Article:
As the Washington Nationals have grown from a wayward franchise into a respected National League force, few players have meant more to them than Jordan Zimmermann and Ian Desmond. Both debuted in 2009, perhaps the Nationals’ darkest season, and their rise coincided with the team’s. Over the past three seasons, according to the catch-all metric Wins Above Replacement, they have been the Nationals’ most valuable hitter and pitcher. They are the most prized of baseball commodities: bona fide homegrown stars, the kind of players teams devote millions to find, develop and, finally, keep.
For the Nationals to retain Desmond and Zimmermann, this winter may prove crucial. Both players are eligible for salary arbitration and are scheduled to hit free agency in two years. The Nationals hope to sign each to a contract extension similar to the one Ryan Zimmerman received in February 2012, two years before his scheduled free agency. Both are willing to listen.
“Those long-term contracts, you really have to know that personality and the track record and the history,” General Manager Mike Rizzo said last week at the winter meetings. “I think that makes it easier to give guys longer-term contracts that you know than guys you’re going out in the free agent market and that you don’t know as well.”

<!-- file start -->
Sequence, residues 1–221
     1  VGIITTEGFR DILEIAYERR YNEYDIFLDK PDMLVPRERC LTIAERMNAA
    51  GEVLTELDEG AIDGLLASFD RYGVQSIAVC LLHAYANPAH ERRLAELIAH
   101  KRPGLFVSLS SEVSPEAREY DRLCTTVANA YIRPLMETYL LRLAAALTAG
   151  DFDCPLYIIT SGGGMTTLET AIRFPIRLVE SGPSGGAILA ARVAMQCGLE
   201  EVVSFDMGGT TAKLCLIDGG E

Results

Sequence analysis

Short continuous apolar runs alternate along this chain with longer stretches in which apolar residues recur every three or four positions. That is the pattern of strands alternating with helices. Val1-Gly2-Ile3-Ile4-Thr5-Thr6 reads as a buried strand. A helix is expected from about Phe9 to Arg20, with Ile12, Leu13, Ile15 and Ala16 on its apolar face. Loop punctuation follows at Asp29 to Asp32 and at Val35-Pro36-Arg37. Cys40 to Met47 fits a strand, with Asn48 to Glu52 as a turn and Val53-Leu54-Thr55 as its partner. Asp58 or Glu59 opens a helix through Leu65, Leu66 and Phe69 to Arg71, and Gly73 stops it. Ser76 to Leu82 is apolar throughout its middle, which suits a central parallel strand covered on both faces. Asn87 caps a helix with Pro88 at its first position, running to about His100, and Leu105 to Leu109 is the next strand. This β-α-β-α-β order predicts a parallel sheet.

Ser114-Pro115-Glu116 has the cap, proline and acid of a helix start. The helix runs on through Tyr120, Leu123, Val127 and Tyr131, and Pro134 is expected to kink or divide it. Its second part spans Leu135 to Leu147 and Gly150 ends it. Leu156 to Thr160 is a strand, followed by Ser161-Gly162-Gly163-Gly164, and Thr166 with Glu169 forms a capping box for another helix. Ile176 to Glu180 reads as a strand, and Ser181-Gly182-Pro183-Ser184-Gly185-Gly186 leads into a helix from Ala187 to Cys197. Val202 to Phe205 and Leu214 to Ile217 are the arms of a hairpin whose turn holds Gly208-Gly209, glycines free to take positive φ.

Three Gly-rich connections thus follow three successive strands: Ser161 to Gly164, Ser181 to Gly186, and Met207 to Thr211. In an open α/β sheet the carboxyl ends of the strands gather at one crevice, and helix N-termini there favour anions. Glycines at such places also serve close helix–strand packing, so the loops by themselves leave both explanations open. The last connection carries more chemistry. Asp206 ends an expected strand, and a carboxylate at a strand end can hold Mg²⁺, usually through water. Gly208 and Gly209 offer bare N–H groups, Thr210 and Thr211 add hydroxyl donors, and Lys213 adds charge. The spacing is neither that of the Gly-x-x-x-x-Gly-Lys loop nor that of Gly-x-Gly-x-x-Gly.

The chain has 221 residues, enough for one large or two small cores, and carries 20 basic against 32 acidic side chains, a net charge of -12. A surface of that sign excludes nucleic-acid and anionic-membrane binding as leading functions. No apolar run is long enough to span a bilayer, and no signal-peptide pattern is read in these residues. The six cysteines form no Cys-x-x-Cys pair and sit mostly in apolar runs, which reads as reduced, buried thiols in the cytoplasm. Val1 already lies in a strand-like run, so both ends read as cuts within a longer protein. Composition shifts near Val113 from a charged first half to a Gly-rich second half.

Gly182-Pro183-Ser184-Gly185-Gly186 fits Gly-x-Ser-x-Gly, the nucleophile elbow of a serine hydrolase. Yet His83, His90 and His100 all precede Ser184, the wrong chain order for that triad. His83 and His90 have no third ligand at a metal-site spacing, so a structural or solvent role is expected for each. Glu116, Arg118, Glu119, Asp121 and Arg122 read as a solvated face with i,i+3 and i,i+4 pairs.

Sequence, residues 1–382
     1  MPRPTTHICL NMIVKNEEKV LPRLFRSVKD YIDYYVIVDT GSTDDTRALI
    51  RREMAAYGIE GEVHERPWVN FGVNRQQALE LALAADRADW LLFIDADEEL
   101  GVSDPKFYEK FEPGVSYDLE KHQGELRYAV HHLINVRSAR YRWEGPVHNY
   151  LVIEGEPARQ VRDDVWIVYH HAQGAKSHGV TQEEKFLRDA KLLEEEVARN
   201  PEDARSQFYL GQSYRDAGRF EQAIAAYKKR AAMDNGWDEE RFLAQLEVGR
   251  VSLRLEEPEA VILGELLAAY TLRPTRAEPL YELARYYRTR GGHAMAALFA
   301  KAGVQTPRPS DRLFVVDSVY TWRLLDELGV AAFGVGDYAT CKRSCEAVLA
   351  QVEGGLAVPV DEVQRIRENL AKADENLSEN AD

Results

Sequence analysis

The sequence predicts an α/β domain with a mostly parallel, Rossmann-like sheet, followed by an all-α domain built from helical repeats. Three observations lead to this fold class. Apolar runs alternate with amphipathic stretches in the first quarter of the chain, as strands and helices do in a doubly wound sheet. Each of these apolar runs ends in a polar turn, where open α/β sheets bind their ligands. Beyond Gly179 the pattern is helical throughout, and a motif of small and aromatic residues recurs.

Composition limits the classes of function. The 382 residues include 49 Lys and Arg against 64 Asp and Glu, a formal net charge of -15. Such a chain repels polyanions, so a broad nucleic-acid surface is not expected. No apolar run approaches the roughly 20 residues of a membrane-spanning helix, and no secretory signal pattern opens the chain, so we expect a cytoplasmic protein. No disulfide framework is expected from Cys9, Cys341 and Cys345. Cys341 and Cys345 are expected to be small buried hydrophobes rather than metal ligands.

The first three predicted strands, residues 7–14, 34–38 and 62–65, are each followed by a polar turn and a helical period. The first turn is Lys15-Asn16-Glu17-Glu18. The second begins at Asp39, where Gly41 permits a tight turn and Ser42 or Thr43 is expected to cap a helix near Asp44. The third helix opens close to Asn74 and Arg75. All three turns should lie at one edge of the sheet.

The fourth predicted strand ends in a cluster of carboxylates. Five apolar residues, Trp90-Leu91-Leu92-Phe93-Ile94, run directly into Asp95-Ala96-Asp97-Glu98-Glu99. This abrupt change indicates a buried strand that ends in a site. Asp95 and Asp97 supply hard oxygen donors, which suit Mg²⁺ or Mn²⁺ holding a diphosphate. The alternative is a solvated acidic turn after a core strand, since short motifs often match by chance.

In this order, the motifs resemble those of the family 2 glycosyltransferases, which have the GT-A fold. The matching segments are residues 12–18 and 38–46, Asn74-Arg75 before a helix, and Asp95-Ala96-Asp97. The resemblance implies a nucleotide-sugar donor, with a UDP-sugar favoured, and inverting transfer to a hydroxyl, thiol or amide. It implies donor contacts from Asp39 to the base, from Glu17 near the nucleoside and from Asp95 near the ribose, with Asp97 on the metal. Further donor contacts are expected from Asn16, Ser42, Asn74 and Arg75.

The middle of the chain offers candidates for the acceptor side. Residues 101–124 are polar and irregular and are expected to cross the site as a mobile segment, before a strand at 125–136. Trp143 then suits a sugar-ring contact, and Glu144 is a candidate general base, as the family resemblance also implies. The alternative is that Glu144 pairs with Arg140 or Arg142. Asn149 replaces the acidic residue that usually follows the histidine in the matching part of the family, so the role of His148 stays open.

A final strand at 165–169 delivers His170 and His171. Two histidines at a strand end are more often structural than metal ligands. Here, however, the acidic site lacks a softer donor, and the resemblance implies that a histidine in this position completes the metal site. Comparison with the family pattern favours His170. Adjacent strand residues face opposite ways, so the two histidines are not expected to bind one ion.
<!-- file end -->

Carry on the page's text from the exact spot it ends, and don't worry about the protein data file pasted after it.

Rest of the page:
Though Desmond and Zimmermann will remain under the Nationals’ contractual control through the 2015 season, baseball’s financial structure and recent trends will add urgency to negotiations. If the Nationals do not reach agreements on extensions with Desmond and Zimmermann before their season opener March 31, the chances of one or both eventually leaving in free agency — or being traded before they have the chance — would greatly increase. Both are eligible for arbitration, with Zimmermann projected to make $10.5 million next season and Desmond to earn $6.9 million.
The Nationals engaged Zimmermann and Desmond in contract talks last offseason. So far, Zimmermann said, the Nationals have yet to restart those discussions. But he wants them to heat up shortly.
“It’s been the desire the whole time,” Zimmermann said this week in a phone conversation. “I’m willing to listen. If they’re going to come talk to us with only a couple weeks left of spring training, it’s not going to get done. If we’re going to do something, we’re going to have to start talking a lot earlier than we did last winter.”
Last year, the Nationals presented Zimmermann, who is represented by SFX, with at least one offer during spring training. Desmond, who has shied away from talking about contracts, said during the spring that the Nationals approached his agent, Sports One Athlete Management, in 2012 about the possibility of an extension but no dollars or terms were discussed.
“I got offered a couple contract extensions, but they weren’t the best deal we were looking for,” Zimmermann said. “That’s the way it kind of played out so far. A lot of people get the impression I’m trying to break the bank and get a boatload of money. I want a fair deal. I don’t want something team-friendly. I want to get paid my value.”